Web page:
Teresa Churcher, Melody Grove, Candida Benson, Mary Keegan, Jamie Lee, Pauline Lockhart, Maureen Beattie, Clare Lawrence-Moody, Denise Hoey, Kevin McMonagle, Barnaby Power
Muriel Sparks best novels are coiled and concise pieces of writing, thin blades of books.
Written in 1963, The Girls of Slender Means was one of her personal favourites, a taut tale set in the final months of the Second World War.
The stage adaptation by Judith Adams for Scottish theatre company Stellar Quines however fails to fully capture the precision of the novel.
The plot slides back and forth in time between 1951 and 1945; Nicholas Farringdom, an aspiring poet turned Jesuit missionary has been reported dead in Haiti and his death is the spark for a series of flashbacks to the tail end of the war, to a London that was bomb-battered and where people had grown accustomed to the idea of death raining from the sky.
The knowledge that their lives could end at any minute had become part of their day to day existence, a mere background whisper.
Farringdon (Jamie Lee) becomes friendly with a group of women at the May of Tec Club, a hostel for girls of slender means. There young women who are living away from home for the first time are looked after by a stern but motherly house mistress. Muriel Romanes production conveys a sense of the girls lives, their giggling and gossiping, fearing for the future but living for today. They own one glamorous green dress, a Schiaparelli, between them, which they all take turns in borrowing and occasionally to amuse themselves they clamber out of an attic window onto a nearby roof, though only the slimmest can squeeze through the gap.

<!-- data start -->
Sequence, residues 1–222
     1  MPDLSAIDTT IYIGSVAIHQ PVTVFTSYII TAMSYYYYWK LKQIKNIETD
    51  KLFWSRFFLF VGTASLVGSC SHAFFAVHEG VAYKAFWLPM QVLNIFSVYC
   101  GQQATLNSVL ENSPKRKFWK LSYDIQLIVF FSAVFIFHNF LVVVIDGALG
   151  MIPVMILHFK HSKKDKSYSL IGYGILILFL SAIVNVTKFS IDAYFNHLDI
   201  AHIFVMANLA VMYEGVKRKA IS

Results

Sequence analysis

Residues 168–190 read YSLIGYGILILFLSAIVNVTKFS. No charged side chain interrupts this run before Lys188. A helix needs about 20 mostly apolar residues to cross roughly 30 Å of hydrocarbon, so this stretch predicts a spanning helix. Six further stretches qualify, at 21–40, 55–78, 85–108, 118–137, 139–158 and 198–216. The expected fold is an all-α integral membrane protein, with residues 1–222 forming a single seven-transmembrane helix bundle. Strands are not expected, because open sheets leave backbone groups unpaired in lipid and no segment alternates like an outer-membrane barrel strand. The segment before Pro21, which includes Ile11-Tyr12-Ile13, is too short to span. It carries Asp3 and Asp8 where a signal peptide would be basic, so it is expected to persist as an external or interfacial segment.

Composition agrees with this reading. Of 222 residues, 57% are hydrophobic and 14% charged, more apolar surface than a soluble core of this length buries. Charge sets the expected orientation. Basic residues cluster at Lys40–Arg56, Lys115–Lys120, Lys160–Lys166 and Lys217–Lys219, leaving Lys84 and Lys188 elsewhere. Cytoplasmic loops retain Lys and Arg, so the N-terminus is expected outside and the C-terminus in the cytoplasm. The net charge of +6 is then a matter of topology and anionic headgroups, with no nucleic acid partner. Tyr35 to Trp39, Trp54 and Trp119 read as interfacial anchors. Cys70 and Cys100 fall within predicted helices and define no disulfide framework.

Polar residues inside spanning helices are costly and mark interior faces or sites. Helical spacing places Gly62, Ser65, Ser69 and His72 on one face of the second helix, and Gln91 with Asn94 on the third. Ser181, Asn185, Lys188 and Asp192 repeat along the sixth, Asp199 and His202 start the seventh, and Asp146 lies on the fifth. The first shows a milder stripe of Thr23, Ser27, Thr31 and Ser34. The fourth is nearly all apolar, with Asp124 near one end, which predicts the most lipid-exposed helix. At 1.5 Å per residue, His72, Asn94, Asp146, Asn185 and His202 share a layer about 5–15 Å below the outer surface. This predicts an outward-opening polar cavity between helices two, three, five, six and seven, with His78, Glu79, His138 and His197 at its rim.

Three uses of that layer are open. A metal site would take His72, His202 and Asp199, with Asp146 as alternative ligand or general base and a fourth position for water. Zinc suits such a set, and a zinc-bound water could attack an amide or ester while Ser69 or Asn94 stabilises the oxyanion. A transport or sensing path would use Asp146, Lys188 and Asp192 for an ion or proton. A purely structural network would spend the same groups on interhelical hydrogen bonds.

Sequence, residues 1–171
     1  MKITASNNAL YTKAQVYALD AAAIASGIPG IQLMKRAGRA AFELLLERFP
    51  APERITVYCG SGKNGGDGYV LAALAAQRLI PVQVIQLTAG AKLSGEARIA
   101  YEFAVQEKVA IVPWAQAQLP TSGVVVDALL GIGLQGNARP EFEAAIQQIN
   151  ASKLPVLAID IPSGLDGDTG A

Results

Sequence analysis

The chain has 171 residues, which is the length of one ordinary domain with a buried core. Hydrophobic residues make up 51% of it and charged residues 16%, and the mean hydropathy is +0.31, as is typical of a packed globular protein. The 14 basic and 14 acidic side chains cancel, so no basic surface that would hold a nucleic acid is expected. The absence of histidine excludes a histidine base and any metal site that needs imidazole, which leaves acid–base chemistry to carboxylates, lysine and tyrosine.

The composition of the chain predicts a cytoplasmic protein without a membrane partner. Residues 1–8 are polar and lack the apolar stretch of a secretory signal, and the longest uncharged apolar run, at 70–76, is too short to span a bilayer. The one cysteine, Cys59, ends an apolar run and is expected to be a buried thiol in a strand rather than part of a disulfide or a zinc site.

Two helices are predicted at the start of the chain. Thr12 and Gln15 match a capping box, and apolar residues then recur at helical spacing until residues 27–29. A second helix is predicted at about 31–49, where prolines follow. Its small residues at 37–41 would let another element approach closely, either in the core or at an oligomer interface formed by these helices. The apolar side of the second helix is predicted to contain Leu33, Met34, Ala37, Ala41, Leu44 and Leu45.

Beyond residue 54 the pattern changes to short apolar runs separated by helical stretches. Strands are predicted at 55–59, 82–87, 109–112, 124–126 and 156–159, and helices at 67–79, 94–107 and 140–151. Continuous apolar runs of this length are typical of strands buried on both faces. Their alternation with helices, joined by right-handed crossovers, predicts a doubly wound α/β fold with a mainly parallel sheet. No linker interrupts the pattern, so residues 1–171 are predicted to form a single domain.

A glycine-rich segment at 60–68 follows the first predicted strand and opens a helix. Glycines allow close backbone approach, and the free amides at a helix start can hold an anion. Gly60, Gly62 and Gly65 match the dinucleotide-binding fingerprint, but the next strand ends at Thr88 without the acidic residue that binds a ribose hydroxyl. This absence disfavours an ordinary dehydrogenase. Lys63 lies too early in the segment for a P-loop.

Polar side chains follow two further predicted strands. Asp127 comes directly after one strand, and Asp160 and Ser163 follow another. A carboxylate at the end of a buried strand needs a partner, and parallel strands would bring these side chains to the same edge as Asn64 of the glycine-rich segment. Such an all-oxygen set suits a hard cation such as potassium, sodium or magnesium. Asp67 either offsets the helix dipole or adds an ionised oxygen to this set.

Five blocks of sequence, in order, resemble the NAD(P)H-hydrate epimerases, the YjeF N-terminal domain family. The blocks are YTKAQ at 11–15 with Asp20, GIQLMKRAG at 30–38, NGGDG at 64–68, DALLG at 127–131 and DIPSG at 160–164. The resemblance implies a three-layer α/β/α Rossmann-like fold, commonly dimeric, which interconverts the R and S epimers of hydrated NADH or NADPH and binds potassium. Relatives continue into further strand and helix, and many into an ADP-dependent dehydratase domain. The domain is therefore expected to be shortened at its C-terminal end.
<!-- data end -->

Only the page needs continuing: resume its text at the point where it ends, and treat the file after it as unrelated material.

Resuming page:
The set consists of a series of moveable screens, onto which images are projected, in front of a wall of sandbags. Sound and imagery are layered together creating a collage effect. In many ways the production is very atmospheric, conveying a strong sense of a wartime world, but its also foggy and overly fragmented. The time-jumping narrative lacks clarity and, with the exception of Jane (Teresa Churcher), who is forever fretting about her weight and very conscious of her role as the smart one of the group, always going off to do brain work, the characters of the girls are poorly defined. When the inevitable tragedy comes, the incident that made Farringdon abandon his literary dreams, it is oddly muted, not nearly as devastating as it could be.
The period costumes are lovely and covetable but something of the sharpness of Sparks writing has been lost in the transfer from the page to the stage.